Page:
Suppose you observe K different species, finding Nk individuals in the kth species. The sum N = N1+ N2+ ... + NK is the total number of observations. To calculate the rarefaction curve for (number of observed species) vs. (number of observations), we take random subsets with n =1, 2, ... N observations and count the number of species S(n) that are found in each subset. (More accurately, we should average over many different random subsets at each size n until the mean converges). Some species will disappear with fewer observations, and the curve will approach zero species as n approaches zero. It is not actually necessary to implement subsampling and average, S(n) can be calculated using this formula:
My colleague Henrik Flyvbjerg and I have developed the modified formula for S(n) when singletons are discarded; let me know if you are interested and I will send you the details.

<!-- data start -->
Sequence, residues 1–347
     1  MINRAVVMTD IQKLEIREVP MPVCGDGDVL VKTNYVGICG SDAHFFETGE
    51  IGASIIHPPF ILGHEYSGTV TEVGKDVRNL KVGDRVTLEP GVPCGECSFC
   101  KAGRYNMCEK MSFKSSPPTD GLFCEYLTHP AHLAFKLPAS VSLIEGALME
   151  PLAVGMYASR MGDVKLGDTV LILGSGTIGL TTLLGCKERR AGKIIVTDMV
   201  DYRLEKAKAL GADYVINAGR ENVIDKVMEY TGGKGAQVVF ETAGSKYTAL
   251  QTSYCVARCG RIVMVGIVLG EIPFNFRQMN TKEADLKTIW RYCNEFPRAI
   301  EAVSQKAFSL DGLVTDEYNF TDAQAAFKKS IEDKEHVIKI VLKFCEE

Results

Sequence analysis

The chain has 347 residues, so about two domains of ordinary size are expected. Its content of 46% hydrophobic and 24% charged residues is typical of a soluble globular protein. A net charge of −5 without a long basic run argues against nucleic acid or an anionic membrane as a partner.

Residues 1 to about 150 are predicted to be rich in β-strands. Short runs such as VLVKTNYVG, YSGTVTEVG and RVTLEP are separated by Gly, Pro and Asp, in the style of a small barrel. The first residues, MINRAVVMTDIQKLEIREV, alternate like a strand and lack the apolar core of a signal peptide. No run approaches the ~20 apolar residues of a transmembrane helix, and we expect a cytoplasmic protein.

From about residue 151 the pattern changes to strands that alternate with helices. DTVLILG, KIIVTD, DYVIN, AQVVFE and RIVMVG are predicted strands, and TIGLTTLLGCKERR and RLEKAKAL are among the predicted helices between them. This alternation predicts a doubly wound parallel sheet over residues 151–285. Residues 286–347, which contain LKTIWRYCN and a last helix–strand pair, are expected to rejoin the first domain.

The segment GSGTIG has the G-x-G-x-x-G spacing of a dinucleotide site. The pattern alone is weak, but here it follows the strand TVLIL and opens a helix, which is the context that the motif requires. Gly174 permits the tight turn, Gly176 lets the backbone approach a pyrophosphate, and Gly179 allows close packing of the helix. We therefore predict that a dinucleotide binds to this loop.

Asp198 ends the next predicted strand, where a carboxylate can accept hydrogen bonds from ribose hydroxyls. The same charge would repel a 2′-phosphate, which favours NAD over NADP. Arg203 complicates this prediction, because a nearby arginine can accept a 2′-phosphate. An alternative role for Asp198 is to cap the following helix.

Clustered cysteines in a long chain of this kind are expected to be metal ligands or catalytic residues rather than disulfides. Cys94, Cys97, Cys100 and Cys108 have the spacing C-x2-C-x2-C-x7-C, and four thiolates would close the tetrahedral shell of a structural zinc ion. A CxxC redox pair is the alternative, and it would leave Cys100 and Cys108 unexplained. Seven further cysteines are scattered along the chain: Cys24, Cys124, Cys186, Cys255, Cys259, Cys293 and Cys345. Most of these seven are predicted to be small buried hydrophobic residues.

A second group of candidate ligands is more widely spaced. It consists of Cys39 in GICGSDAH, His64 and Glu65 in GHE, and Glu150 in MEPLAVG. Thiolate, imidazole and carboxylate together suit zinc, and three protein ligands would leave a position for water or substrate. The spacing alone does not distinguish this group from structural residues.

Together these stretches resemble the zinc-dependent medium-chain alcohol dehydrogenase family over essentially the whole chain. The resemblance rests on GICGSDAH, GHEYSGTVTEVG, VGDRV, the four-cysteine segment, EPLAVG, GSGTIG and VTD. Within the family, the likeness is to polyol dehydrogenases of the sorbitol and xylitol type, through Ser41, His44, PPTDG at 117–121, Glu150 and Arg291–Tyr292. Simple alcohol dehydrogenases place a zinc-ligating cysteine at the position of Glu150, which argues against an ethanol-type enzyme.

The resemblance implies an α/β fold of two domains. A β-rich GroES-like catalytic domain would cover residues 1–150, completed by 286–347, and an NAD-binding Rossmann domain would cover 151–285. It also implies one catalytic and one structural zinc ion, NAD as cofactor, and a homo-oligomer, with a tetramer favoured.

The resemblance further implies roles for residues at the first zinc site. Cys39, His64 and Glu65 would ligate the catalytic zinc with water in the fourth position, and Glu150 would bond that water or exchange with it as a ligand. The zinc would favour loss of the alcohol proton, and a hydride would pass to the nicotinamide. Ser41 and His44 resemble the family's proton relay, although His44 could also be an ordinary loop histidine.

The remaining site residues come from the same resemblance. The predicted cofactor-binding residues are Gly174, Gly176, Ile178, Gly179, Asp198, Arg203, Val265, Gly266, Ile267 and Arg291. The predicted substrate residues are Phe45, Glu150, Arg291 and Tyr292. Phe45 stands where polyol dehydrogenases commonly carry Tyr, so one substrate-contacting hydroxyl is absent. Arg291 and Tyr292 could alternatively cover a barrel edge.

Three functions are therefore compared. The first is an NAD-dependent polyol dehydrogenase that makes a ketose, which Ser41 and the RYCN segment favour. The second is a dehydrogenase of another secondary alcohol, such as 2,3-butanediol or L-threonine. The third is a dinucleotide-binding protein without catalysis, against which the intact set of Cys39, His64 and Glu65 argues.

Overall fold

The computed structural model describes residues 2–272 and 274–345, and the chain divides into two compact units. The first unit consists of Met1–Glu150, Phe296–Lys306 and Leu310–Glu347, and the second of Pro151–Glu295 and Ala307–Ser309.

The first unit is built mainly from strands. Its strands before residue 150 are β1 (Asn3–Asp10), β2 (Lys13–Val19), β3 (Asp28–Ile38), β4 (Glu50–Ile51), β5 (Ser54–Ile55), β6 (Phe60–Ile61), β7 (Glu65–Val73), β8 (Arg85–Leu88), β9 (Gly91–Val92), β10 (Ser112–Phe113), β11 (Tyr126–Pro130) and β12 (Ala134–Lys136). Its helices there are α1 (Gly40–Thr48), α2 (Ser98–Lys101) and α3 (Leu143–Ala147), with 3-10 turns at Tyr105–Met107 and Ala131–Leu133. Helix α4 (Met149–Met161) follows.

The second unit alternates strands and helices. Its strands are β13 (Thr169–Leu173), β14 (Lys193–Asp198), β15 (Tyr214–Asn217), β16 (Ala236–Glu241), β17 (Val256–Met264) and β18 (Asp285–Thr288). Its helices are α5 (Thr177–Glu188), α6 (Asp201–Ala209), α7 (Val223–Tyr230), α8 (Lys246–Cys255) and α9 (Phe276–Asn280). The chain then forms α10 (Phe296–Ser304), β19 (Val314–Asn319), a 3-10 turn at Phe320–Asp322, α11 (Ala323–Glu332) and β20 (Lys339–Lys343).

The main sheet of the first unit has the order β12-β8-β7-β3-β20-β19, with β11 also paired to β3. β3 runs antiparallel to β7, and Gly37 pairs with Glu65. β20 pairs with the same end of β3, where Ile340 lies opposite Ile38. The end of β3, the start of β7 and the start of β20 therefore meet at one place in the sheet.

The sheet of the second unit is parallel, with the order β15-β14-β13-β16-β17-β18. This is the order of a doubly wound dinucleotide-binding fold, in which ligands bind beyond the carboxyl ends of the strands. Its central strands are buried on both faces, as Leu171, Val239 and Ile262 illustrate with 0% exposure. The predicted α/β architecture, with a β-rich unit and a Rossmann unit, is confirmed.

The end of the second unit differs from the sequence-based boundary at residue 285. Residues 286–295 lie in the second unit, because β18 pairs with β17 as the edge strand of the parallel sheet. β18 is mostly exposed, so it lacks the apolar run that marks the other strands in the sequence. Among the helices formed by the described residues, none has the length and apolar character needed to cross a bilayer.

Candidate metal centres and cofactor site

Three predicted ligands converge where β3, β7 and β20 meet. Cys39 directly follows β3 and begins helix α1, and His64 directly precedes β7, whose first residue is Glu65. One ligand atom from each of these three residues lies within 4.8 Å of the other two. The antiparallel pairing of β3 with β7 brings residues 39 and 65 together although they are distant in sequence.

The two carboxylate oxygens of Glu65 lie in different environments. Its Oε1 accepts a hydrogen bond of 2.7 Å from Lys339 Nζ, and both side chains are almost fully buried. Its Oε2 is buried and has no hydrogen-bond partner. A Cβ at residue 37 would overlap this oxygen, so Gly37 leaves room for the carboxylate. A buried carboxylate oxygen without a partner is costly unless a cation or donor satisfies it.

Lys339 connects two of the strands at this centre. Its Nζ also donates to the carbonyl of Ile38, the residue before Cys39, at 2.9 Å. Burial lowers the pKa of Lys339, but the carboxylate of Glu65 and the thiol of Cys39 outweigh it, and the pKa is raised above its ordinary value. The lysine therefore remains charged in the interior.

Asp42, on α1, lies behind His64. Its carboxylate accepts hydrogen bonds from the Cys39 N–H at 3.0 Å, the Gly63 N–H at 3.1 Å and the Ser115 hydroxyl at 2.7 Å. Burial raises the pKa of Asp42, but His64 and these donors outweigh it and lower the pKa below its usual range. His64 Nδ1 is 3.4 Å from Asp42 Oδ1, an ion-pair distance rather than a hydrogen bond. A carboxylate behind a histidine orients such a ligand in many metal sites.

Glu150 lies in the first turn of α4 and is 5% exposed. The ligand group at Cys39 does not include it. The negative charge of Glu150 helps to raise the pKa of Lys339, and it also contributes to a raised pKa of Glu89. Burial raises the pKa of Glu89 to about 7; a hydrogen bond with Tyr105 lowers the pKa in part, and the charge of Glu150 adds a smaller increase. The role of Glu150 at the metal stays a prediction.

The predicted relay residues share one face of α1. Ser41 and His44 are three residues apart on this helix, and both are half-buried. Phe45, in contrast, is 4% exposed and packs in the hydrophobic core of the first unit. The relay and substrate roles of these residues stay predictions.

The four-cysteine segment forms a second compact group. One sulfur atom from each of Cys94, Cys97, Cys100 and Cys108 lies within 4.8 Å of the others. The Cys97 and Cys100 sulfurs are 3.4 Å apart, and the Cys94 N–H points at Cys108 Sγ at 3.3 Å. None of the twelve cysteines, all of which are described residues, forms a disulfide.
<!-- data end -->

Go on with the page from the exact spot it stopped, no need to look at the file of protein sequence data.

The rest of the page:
Rarefaction for OTUs
If species with exactly one observation are ignored, then the above formula does not apply. Thus, if singleton reads are discarded, as recommended in the UPARSE pipeline, then you cannot use standard rarefaction software and the above formula does not give the correct result. If singletons are retained, then the formula is a reasonable approximation, but is not exactly correct because de novo OTUs are necessarily "unstable", meaning that a given pair of sequences may belong to the same OTU with one subset but in different OTUs in another subset.
With de novo OTUs, including those made by UPARSE, then strictly speaking, rarefaction curves must be generated by running the pipeline from scratch for each random subsample and noting the number of OTUs obtained.